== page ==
Aloha, and thank you, as always, for your insightful reply ❤ Blessings, dear.

  4. While you recounted your own memories dear Bela of those last sacred moments of a beloved friend with four legs.. I was also recounting the same kind of memories of a beloved cat.. a friend and companion, for 21 yrs.. Your touching poem touched my Heart Bela…And isnt it strange how we think we have let go.. Yet within an instant, its only like yesterday..<3 xx

    • Twenty-one years!!? Wow, that cat had nine lives! Gosh, that really must have been devastating – a virtual lifetime spent with an animal. A horse lives longer than that, but still. And we only had Pete for three? four? years of his senior life. Still it was difficult.

      And you are correct, and more to the point of the poem, that these memories can and do surface at any time. Makes one wonder about the space-time continuum, which I once experienced for seconds – long enough to be positive that past, present and future coexist in a much more confounding way than the human mind is capable of bearing witness to for very long.

      Thank you for taking the time to offer your heartfelt comments, Sue. Aloha ❤

      • They say Bela that the Past Present and Future Co-exist simultaneously.. I have always had a hard time getting my head around that one.. But the Time continuum is present within the NOW.. and I have through past life therapy also been able to go back and heal the present.. Yes our Human functioning brain power has a hard time unravelling such matrix’s.. 🙂 But we do all affect each other..

        Yes it was hardest upon my Daughter she had grown up with our beloved Cat.. And she was her best friend whom she told all her secrets too and opened her heart to.. It was an empty household for a few months until we rescued another Feline a 7 yr old who was full of attitude when we got her… She had long fur and would box you if you dared to brush her.. With patience and trust we soon got along that she would enjoy her grooming time.. 🙂 lol..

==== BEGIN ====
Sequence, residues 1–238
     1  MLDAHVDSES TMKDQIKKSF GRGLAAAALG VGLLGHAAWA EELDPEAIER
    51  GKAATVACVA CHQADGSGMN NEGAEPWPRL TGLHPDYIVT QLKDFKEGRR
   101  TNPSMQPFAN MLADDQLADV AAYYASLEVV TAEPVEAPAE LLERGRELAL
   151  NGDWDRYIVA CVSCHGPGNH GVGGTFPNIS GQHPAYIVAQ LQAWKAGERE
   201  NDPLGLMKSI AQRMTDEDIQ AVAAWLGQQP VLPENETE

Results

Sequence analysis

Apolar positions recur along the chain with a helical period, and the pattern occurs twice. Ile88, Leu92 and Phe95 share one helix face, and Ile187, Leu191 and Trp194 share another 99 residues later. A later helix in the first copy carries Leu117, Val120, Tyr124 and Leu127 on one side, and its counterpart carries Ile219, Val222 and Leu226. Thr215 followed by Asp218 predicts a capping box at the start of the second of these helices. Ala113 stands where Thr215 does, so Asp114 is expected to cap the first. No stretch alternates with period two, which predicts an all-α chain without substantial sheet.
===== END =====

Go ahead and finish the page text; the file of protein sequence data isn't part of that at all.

Thank you for your lovely reply Bela.. Blessings your way. xxx Sue ❤

  5. I only ever owned one dog, Pinto followed me like my shadow throughout my childhood.
    Now all my pets are free and wild, except I love minding other peoples pets.

    • Jack, I wonder sometimes if it’s easier that way. After this round of pets passes on, I suspect we’ll do the same – unless, that is, we find ourselves with another piece of acreage an elder horse or two could graze upon … Cheers!

  6. “a mixed plate from Pandora’s kitchen”… “tracks laid down in the sands of existence”…very nice. This is lovely.

    • Thanks so much, Stephen! This came under Our Pete (last week’s post), though clearly meant for Stone Soup. In any event, your comments are most welcome here and appreciated. Aloha.

  7. for dogs, true friendship always lasts a lifetime — we had to let ‘hond’ go that misty morning, the 13th of July, now 6 weeks ago …